Sunday, March 5, 2017

Keith Thurman vs. Danny Garcia (WBA/WBC Welterweight Unification Bout) - March 4, 2017

I grew up just as boxing was exiting from the mainstream sports scene, hurt by corruption and a confusing array of sanctioning organizations. Even now, there are four such associations each of which can have a champion at 17 different weight categories. It is simply too difficult for the average sports fan to follow all of these, so you only hear about the top boxers, such as Floyd Mayweather, who retired as an undefeated professional in 2015, leaving the World Boxing Council (WBC) welterweight title vacant from November of that year. In January 2016, Philadelphia's Danny Garcia beat Robert Guerrero to capture the championship.

Mayweather also held the World Boxing Association welterweight belt at that time, and that was stripped in 2016 due to his retirement. Keith Thurman from Orlando, the interim champion, was promoted and defended the title against Shawn Porter in June at Barclays Center in a bout that was broadcast in prime time on CBS, the first fight accorded such a privilege since Ali-Spinks in 1978.

With both Garcia (33-0) and Thurman (27-0) sporting undefeated records, a title unification bout was inevitable and that was set for March 4, again at Barclays Center. My buddy Eddie, a serious boxing fan, told me that this was one of the biggest fights of the year, and with tickets in the upper bowl just $57, I decided to attend. For those who care, floor seats were $757, while lower bowl seats ranged $157-500 or so. With binoculars, the upper bowl seats were certainly the most cost-effective, though it is difficult to tell from the photo above.

There were eight other bouts on the card, and I arrived as the third fight, a super lightweight encounter between Sergey Lipinets (#7 in the world) and Clarence Booth (#144, all rankings from, was getting underway. As you would expect from such a mismatch, Lipinets won by TKO in the 7th round. This was followed by a welterweight bout as Richardson Hitchins, a Brooklyn native who represented Haiti in the Olympics, won his professional debut in just 90 seconds over Mexican Mario Perez. That led us to the televised portion of the evening, which consisted of two bouts. Before the main event, a super welterweight fight between Erickson Lubin (#15) and Jorge Cota (#102) resulted in Lubin knocking down Cota in the fourth round. During the TV interview, Lubin boasted "I landed that overhand and it was night-night", which received a lot of laughs from the fans.

With the first fight finishing so quickly, we had to wait about 30 minutes for the main event, which began around 10 pm. Thurman (#2 in the world behind Manny Pacquiao) entered with somebody next to him singing "My Way" (above) and Garcia (#3)  followed shortly thereafter, wearing a mask (below). Those were the only "hype" moments of the evening; for a sport that relies on pre-match promotion, the actual event is very quick and relatively quiet.

The fight was scheduled for 12 rounds, and Thurman (in red below) was the aggressor early, particularly in a highly entertaining first round. Boxing rounds are scored with the winner getting 10 points and the loser getting 9, unless he is knocked down, when he will get 8 or possibly 7.  After six rounds it was 58-56 Thurman according to the judge I was following online, meaning Thurman had a 4-2 lead in rounds. Thurman continued to win rounds and had a 97-93 lead after 10, suggesting that Garcia had to knock him out to win the match. But Thurman did not engage for those final two rounds, resulting in a cascade of boos from the fans as he backpedaled the whole time. With twelve rounds completed and both fighters still standing, we went to the scorecards. When the winner was announced, it was a surprising split decision with Thurman winning 116-112 and 115-113 on two cards, while Garcia took the other 115-113. Both fighters were interviewed and Garcia was polite in the loss, though the believed that he had won the fight. A rematch is possible.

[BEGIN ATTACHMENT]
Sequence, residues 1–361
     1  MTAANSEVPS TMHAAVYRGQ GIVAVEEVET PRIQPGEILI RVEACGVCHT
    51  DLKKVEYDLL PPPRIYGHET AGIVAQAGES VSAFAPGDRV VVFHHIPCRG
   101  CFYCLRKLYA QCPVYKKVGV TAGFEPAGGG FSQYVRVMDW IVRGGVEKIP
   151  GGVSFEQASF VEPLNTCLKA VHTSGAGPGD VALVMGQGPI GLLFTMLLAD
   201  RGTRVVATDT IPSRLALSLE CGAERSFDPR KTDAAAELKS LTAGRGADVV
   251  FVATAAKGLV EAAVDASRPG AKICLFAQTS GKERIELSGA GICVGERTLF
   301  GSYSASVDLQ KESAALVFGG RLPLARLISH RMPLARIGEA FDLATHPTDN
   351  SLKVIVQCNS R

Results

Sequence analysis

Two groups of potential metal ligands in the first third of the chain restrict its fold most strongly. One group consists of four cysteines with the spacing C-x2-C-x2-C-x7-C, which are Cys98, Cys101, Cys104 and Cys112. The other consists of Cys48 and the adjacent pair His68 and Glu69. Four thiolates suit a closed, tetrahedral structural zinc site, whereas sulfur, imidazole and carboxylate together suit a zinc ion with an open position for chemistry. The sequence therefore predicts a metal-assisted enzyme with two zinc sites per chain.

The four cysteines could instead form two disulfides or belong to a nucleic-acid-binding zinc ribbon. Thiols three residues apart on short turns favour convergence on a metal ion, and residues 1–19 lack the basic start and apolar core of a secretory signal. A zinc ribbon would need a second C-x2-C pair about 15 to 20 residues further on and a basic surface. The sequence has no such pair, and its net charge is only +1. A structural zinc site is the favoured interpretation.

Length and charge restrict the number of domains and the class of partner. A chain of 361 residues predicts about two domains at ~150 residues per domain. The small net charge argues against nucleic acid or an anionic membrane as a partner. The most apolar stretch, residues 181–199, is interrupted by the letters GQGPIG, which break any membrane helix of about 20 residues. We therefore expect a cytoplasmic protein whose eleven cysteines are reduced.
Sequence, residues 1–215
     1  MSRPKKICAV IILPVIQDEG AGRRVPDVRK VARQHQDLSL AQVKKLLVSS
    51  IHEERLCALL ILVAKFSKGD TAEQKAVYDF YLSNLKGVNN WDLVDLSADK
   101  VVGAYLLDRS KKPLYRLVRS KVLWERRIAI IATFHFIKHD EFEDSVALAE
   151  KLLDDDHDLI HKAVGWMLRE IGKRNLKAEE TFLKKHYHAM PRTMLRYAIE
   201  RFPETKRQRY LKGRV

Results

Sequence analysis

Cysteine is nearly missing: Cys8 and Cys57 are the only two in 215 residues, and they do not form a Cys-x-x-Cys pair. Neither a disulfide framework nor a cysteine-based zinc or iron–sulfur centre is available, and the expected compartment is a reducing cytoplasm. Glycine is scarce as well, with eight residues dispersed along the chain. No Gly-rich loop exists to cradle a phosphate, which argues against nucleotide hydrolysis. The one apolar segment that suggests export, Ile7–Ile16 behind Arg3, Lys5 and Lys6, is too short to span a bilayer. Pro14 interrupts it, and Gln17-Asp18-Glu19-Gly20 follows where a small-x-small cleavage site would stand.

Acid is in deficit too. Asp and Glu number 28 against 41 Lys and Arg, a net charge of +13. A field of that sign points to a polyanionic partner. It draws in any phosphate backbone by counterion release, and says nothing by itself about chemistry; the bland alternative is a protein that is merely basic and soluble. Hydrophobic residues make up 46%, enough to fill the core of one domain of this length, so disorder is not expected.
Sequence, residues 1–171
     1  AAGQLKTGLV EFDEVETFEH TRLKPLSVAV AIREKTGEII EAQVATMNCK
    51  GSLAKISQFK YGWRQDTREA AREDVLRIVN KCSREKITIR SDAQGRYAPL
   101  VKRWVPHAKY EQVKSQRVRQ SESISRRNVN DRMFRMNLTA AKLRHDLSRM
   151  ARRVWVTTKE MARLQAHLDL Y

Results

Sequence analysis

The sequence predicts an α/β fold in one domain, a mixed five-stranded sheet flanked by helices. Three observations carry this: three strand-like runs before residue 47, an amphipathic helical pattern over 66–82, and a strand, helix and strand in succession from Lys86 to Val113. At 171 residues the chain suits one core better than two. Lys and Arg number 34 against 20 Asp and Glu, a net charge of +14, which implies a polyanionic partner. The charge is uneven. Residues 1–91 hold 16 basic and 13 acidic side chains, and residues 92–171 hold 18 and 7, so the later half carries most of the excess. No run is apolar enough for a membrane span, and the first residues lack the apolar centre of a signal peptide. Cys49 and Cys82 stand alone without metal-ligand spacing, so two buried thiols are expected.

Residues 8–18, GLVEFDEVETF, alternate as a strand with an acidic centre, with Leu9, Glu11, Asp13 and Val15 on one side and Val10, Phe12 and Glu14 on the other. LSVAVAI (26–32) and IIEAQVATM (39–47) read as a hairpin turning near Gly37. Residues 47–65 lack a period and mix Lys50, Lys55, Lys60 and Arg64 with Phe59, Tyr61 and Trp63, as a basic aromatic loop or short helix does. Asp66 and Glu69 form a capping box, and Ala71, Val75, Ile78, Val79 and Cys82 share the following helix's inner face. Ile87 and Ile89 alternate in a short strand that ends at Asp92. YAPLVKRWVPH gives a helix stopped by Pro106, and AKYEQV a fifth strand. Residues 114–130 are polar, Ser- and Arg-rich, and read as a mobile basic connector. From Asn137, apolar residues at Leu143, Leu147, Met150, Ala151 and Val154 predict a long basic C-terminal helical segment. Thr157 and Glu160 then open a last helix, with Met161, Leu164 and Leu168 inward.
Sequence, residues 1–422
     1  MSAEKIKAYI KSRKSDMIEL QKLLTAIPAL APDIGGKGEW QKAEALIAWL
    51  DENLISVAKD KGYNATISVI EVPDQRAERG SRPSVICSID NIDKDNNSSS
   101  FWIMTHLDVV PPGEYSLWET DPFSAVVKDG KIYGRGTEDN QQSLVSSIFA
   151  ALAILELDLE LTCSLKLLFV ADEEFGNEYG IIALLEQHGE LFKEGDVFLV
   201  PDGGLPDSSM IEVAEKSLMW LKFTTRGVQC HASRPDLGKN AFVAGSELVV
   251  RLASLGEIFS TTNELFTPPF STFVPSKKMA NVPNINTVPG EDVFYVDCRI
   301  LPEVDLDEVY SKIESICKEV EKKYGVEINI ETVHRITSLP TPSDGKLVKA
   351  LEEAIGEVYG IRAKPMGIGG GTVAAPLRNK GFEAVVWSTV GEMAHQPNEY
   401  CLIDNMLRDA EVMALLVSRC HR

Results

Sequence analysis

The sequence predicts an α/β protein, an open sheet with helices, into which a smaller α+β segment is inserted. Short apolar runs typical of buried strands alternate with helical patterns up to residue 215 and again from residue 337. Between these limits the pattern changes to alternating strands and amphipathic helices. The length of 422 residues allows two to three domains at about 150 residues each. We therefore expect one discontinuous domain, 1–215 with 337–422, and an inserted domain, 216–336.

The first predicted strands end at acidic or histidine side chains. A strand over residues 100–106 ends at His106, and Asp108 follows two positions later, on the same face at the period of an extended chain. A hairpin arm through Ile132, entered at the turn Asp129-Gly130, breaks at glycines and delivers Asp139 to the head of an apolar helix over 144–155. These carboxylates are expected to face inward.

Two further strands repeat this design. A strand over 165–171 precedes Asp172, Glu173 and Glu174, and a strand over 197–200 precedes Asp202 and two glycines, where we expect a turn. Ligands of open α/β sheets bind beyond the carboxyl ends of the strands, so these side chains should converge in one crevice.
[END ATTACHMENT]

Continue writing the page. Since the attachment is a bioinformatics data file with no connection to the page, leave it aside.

With the main event done, about 16,000 of the 16,553 fans fled for the exits, but there were three more bouts on the card. I moved down to the lower level and watched a super lightweight contest with Mario Barrios (#28, in black below) defeating Yardley Suarez (#169) in a sixth round TKO. Look for the 21-year-old Barrios to move up the rankings over the next few years.

The final two matches were for true boxing fans only. First, another super lightweight bout saw 21-year old Thomas Velasquez (#262) knock out 32-year-old James Lester (#602). Lester lay face down for a few minutes before being helped out of the ring, I hope he retires for his own sake. The final bout saw a couple of 30-year-old featherweights with Pablo Cruz (#216) dominating Rickey Lopez (#102) only to lose on a split decision. I can't find any stats on the fight, but Lopez seemed to be backing up through the entire thing so I don't know how he won. The evening finished at 12:30, fully six hours after it started, a good deal if you got the cheap seats.

Overall, this was a good introduction to boxing and how it operates. A couple of high-profile bouts with several more of the second or third-tier variety. New York has several major fight nights a year, and I might try go again once or twice, but I wasn't convinced that boxing is a sport that is worth following regularly.


I expected a lot of celebs in attendance, but only Boomer Esaison and Phil Simms were announced on the big screen.

If you are going to a boxing match, floor seats are not that good because you are looking up through the ropes. The best seats are midway up the lower bowl in the section looking straight at the ring.



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